This last point is especially important since it goes to the heart of why most Americans think their only choices are to vote for Clinton or Trump. “The problem for third parties is compounded by restrictive ballot access laws and other barriers that the major parties have erected to protect their de facto monopoly,” wroteBruce Bartlett in Forbes. “Single-member congressional districts and first-past-the-post election rules also tend to favor the two-party system.”

Because each state has very distinct and usually complex laws for candidate eligibility, any contenders outside the Democratic and Republican establishments will have an extremely tough time making it onto the ballot. Unless ordinary citizens start a grassroots movement demanding that this change, third-party candidates will find it virtually impossible to realistically compete for the presidency and only slightly easier to do so in state and local races.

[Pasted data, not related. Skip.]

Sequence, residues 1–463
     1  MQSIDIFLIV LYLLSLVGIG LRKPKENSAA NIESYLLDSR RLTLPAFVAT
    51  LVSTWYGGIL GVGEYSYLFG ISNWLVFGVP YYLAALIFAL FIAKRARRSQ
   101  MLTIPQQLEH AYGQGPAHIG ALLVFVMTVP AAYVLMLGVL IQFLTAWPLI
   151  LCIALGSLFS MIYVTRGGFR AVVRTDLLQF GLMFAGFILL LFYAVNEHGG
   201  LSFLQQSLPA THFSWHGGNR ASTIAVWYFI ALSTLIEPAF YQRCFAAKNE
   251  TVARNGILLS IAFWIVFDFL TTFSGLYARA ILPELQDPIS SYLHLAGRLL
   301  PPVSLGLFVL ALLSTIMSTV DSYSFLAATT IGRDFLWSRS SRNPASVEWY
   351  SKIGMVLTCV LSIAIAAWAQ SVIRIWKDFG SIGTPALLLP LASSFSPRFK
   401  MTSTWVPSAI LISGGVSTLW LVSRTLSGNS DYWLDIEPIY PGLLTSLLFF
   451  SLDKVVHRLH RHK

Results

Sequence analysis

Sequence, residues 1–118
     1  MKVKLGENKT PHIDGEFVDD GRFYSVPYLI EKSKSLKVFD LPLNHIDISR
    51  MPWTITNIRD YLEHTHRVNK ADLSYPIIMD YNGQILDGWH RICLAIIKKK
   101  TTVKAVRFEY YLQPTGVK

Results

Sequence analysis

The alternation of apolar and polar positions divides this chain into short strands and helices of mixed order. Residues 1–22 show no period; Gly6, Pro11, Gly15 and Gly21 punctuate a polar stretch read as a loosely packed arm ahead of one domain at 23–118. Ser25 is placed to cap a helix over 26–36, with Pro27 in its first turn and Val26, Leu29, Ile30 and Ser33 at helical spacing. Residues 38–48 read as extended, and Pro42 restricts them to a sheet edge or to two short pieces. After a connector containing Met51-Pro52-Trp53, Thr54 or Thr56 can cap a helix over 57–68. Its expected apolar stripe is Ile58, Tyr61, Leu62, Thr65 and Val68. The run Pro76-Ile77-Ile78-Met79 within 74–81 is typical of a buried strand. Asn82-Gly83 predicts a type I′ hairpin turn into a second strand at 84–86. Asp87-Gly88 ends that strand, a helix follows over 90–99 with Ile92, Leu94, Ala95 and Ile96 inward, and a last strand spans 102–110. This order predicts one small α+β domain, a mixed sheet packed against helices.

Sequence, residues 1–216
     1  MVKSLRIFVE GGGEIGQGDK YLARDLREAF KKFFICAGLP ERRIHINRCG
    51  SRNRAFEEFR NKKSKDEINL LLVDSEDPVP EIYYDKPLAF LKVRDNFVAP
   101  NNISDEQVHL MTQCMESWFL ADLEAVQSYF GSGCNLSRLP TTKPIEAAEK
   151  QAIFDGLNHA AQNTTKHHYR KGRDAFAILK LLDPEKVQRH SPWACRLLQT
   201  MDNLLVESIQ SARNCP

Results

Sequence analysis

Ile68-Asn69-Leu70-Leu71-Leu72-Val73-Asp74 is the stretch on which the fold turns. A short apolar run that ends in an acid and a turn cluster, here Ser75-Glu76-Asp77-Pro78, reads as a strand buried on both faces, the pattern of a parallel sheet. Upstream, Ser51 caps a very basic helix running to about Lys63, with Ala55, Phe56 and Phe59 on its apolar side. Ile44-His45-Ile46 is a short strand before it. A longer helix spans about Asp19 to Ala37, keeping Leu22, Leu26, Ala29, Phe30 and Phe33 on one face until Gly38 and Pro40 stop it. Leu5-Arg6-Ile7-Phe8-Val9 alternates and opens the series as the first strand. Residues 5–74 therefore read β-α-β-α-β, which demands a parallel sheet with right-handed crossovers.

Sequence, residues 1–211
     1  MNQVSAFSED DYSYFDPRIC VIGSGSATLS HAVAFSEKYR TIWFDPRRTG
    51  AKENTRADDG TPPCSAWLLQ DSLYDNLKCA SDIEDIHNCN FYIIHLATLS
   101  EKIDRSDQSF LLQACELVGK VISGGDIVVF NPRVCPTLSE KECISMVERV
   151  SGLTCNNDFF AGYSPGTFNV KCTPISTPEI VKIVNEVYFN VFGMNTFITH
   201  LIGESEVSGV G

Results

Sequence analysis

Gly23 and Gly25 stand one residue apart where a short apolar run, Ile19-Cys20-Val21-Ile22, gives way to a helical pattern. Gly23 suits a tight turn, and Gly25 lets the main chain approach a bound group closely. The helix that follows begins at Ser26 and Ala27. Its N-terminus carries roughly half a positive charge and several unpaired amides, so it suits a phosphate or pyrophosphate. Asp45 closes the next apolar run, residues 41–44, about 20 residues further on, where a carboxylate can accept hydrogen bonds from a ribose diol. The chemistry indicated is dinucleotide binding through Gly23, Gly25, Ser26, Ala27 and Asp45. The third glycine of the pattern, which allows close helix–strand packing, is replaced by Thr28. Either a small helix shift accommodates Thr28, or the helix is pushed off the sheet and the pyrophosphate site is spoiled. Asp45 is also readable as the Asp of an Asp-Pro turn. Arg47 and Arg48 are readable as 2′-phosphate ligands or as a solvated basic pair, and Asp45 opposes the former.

What we can’t do, though, is ignore the hard truths about our choice in 2016 simply because we want things to be better down the road. Right now the Democratic presidential candidate, for all of her flaws, is a smart woman with extensive government experience who supports a moderate (that is, center-left) platform. Her Republican opponent, by comparison, was nominated by pandering to America’s basest racist and sexist impulses, displays temperamental problems (including a terrifyingly blasé attitude toward the prospect of using nuclear weapons) and has no experience except that of running failed business after failed business after failed business.